Edible Poetry

A Poet's Table

By | March 14, 2018
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Increasingly, I value “stillness.” Still here—I’ll take it! Still hopeful. (Beats the alternative.) Spend more time being still, staying still, sitting still and my own quirky notion: seeing still.

Likewise, I increasingly acknowledge that “not now” and “one day, I’m going to…” are synonyms for “never.” And I work toward savoring rather than skipping over, studying rather than surveying. It’s the motto stamped on the coin of my future days.

The momentum of our global culture has increased the availability and delivery of information beyond our capacity to process even a fraction of it, let alone, to think carefully about even a fraction of that. Yet our culture expects responses. Sooner deadlines, instant replies, immediate likes, endless opinions and comments.

Cultivating stillness is a counterbalance. A restorative. Poetry, hiking, yoga, cooking, drawing: These are my tonics.

Yoga sessions often begin with an instructor urging, Leave everything else at the door. Or: Only what’s happening on your mat matters.

I remember similar guidance from teachers of poetry, playwriting or pottery—instead of mat, swap in canvas, page, table, stage, kitchen counter, conversation, dance, etc. The intended invitation: leave aside expectations, presumed proficiencies and predicted limitations. Bring a mindset of openness—vulnerability, even. In essence, stillness: awareness trained on a given moment so that all it affords won’t be lost on you, but found. (The great poet, W.H. Auden, called this “fixity of attention”—his definition of both love and poetry.)

Seeing stillness is found in most any discipline: composing a haiku or a holiday meal, plotting a piece of choreography or a new landscape plan. Each offers similar expansive opportunities within the constraints or particular challenges intrinsic to the medium, but the underlying tenets are universal: Take the time to gather and collect; time to present what you’ve found; time to experience the entire cycle of gratification.

Perhaps “polished” is the better term. Make whatever you do shine, so brilliantly that what might have been casual and rough, acquires a crafted, yet unobtrusive, sheen from your time and care. Such a patina—the result of your concentrated attention in one place and time—becomes more than an opaque manifestation of its physical expression and sensory qualities. It turns translucent or even reflective so that those who encounter your creation might glimpse their own reflections, memories or experiences within it. Every form of art is this shared act: complementary contributions by both conceiver and receiver.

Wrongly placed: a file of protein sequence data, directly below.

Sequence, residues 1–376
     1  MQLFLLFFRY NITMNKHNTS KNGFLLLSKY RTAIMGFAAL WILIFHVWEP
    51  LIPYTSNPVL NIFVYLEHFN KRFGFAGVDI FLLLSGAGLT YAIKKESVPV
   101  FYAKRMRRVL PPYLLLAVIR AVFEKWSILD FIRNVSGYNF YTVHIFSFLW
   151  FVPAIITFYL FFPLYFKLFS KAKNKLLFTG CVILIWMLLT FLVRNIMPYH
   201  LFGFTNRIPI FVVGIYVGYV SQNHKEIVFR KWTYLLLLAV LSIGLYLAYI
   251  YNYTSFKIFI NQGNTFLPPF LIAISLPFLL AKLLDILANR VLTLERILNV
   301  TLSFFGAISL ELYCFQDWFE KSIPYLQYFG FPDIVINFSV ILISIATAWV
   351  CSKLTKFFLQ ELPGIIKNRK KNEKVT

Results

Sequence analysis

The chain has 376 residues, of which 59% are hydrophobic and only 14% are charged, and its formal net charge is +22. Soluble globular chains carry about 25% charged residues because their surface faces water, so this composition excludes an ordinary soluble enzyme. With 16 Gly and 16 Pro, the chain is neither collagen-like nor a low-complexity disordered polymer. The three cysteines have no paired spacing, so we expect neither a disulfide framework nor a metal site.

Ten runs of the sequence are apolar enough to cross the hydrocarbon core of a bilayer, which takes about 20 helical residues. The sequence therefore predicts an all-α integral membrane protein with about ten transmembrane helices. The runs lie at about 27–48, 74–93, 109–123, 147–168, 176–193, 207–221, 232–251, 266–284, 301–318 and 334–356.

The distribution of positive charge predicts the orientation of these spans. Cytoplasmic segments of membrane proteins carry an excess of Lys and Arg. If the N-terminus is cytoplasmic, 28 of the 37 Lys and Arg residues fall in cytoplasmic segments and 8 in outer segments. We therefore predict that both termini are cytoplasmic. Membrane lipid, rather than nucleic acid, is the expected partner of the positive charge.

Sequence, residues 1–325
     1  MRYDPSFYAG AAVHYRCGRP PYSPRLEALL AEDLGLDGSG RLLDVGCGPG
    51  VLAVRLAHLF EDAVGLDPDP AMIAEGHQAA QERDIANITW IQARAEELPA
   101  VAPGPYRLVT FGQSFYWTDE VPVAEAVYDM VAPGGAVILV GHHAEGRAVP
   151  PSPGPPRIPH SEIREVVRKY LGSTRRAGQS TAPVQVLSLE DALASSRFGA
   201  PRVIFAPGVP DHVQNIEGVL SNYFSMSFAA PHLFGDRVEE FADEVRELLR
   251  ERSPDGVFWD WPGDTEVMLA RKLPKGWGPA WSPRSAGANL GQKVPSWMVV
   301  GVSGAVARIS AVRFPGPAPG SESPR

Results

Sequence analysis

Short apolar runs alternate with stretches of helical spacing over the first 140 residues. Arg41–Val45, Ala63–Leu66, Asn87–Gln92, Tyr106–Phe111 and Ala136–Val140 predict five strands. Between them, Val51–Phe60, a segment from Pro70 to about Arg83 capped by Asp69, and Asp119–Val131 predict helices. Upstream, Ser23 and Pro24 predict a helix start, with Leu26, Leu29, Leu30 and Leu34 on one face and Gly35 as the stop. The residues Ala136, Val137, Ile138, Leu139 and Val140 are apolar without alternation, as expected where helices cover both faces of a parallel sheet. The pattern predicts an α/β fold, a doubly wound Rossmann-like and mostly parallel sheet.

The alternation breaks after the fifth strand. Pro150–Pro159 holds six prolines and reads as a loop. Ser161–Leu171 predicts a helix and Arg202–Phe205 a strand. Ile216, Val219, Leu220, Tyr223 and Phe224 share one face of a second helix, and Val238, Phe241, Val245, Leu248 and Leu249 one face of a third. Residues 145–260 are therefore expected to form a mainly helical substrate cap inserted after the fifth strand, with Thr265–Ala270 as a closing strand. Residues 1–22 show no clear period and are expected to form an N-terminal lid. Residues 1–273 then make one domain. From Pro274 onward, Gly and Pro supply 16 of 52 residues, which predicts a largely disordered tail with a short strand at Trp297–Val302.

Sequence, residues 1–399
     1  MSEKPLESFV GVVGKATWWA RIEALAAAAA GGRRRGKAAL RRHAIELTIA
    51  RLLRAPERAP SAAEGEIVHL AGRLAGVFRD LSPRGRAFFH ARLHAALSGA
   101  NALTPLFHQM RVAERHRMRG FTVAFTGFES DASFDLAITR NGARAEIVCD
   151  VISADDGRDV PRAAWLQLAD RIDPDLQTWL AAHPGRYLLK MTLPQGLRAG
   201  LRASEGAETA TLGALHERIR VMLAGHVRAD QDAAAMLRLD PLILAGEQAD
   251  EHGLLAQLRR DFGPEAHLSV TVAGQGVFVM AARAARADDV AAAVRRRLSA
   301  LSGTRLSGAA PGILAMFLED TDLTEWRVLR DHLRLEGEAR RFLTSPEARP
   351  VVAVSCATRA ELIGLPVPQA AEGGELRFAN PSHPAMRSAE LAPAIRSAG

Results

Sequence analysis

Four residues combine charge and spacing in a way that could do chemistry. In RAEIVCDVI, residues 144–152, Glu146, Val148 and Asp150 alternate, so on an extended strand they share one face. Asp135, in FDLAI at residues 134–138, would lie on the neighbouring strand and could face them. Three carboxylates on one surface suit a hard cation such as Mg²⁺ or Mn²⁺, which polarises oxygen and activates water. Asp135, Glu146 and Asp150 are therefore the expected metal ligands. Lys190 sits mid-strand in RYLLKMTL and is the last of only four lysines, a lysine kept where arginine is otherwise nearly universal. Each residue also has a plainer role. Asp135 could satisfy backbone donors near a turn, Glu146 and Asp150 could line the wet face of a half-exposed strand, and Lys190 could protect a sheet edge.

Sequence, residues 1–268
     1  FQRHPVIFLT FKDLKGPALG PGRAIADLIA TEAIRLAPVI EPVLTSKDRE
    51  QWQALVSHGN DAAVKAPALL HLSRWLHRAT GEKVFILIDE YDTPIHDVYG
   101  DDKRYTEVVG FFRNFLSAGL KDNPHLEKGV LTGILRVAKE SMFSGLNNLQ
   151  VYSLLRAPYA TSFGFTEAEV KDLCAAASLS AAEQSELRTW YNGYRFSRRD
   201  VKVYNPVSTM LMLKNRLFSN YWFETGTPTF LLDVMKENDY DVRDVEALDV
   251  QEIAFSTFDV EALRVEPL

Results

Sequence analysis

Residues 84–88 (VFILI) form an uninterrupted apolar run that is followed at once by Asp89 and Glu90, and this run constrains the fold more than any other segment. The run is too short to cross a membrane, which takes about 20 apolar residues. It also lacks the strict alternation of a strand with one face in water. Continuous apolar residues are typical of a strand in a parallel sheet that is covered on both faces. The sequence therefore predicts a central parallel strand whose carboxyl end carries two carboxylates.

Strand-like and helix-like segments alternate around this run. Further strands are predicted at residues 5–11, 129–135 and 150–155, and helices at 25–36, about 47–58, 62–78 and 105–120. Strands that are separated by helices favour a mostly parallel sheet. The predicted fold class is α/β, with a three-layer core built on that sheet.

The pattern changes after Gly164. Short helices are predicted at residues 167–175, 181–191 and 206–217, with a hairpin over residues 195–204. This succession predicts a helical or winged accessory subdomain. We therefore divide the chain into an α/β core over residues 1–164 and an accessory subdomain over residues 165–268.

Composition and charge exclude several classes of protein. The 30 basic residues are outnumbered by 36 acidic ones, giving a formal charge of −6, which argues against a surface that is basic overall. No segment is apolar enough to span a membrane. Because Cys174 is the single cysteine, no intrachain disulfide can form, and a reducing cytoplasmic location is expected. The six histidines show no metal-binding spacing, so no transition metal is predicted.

Edible readers clearly possess this desire to savor and appreciate. So, I merely encourage you to seek the pleasures of a fuller awareness, a deeper joy in the composition—the seeing still that stretches between an original stimulus and your response. Come to relish that process rather than the fleeting pleasures of just finding and finishing. Relish the not-knowing, wondering and giddiness of multiple approaches. Hold to one moment rather than skip to the next.

I end with a form of grace. A small demonstration of “seeing still” in a form that continually challenges me to think harder, longer and more clearly, even about my mixed emotions; yes, a poem. A poem about my cat, no less, begging. Yet what creature demonstrates more fixity of attention? Be inspired. 

Michael J. Rosen has spent half his adult life in Columbus and half in the Appalachian foothills east of the city. The author of some 150 books for readers of all ages, he is also an illustrator and ceramic artist.
Books: michaeljrosen.com
Illustrated clayworks: bit.ly/IllustratedClay.

Copyright 2017 by Michael J. Rosen from Every Species of Hope; Georgics, Haiku, and other Poems (Ohio State University Press).

For the ever-optimistic…

cat, who can’t be hungry, the marble altar
where salvation from a pitiless yearning may poise
is such a storied climb it might as well
be heaven where a prayer or wish’s outcome
is always iffy, at least in terms of timing.
Patience is for the damned. It’s purgatory.

He cannot see if there is fish or cheese
that might float down—even a mere morsel—
or if the clap and clatter of he who tends the hearth
foretells that any promise has been dashed,
sacrificed to the infernal disposal
that rocks and spatters….and roars with needless gloating.

No matter. Each meal, the cat attends
the rug beside my unpredictable feet.
“Trust me,” I say to him on those numerous days
when he gazes upward as I cube tofu
or spoon some grapefruit marmalade on toast,
“Really, you don’t want this.” And yet he stays

as if to prove his devotion unwavering.
And so I place a tidbit of this “manna”
before his feet. He bows his head and snuffles.
Returning my gaze, now his one and only
expression cannot belie his disbelief:
This! This is how you reward your faithful?

He backs away, his pure heart betrayed,
swearing this will never again come to pass,
never, nope, not in a million years…
which happens to coincide with the length of a nap.
How else to suffer life’s belittlements
than to wake each time with hope’s appetite. 

The publisher is happy to offer Edible readers an exclusive 30% discount and free shipping on Michael’s new book of poetry through this link bit.ly/EverySpeciesOfHope. The site also contains a video of the author reading this poem and two others.

Article from Edible Columbus at http://columbus.ediblefeast.com/food-thought/poets-table
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